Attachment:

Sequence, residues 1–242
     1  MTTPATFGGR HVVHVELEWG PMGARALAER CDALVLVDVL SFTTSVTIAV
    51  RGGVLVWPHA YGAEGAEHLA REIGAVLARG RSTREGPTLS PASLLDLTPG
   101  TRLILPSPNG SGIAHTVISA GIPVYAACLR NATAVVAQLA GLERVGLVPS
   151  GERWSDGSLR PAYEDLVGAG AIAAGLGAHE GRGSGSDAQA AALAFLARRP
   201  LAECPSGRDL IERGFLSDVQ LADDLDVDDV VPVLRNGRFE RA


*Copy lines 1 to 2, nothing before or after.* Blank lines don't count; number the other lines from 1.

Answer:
Sequence, residues 1–242
     1  MTTPATFGGR HVVHVELEWG PMGARALAER CDALVLVDVL SFTTSVTIAV